Measuring kinetochore-microtubule interaction in vitro.

Publication Type:

Journal Article


Methods in enzymology, Volume 540, p.321-37 (2014)


2014, April 2014, Basic Sciences Division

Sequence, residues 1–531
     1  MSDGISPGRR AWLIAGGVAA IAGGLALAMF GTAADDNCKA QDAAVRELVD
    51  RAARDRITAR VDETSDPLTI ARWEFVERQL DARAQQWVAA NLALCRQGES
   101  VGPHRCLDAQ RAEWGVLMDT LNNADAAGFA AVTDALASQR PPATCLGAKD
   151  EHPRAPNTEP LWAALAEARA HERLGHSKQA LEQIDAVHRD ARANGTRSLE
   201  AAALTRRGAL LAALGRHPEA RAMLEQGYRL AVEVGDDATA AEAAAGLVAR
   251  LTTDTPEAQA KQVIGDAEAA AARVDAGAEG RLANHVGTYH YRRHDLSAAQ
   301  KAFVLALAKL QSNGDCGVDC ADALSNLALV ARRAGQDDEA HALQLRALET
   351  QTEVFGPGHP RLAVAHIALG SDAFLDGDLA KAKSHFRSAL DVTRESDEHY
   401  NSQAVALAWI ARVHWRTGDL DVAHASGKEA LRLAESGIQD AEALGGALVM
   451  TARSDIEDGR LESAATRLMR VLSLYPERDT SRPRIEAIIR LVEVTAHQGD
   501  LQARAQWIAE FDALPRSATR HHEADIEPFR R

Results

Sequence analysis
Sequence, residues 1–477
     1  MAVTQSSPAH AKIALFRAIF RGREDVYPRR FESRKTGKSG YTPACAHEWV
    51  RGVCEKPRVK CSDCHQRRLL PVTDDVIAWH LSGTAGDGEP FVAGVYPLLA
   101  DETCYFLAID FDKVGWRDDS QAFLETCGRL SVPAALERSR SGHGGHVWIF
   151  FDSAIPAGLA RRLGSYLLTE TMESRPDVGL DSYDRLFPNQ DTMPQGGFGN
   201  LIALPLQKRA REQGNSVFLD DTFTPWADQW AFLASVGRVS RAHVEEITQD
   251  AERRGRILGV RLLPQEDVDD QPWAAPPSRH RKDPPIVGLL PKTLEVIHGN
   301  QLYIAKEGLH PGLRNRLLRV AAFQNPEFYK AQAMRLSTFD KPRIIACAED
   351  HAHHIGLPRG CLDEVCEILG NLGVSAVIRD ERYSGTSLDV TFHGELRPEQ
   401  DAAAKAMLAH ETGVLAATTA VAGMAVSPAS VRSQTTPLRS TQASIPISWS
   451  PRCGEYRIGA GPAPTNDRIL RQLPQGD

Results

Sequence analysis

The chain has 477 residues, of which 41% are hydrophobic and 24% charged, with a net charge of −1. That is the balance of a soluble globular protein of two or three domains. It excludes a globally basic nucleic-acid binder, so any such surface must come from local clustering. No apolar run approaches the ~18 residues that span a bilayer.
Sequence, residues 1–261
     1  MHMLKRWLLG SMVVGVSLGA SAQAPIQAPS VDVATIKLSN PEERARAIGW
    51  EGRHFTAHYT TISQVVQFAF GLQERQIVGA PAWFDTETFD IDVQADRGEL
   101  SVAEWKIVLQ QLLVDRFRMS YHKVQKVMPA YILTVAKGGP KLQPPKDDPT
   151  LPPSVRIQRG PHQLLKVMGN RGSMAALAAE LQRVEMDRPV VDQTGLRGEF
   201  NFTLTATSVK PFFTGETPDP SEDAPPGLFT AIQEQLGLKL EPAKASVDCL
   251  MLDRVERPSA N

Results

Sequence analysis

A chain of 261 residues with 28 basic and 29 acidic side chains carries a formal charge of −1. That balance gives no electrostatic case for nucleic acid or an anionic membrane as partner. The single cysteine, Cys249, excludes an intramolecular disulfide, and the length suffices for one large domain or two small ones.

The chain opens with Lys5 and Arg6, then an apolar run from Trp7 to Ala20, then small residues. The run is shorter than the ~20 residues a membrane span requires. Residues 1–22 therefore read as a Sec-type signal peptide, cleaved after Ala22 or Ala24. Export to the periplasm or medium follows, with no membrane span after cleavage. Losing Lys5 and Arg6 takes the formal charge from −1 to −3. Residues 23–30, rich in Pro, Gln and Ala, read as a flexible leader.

Many proteins and protein complexes perform sophisticated, regulated functions in vivo. Many of these functions can be recapitulated using in vitro reconstitution, which serves as a means to establish unambiguous cause-effect relationships, for example, between a protein and its phosphorylating kinase. Here, we describe a protocol to purify kinetochores, the protein complexes that attach chromosomes to microtubules during mitosis, and quantitatively assay their microtubule-binding characteristics. Our assays, based on DIC imaging and laser trapping microscopy, are used to measure the attachment of microtubules to kinetochores and the load-bearing capabilities of those attachments. These assays provide a platform for studying kinase disruption of kinetochore-microtubule attachments, which is believed to be critical for correcting erroneous kinetochore-spindle attachments and thereby avoiding chromosome missegregation. The principles of our approach should be extensible to studies of a wide range of force-bearing interactions in biology.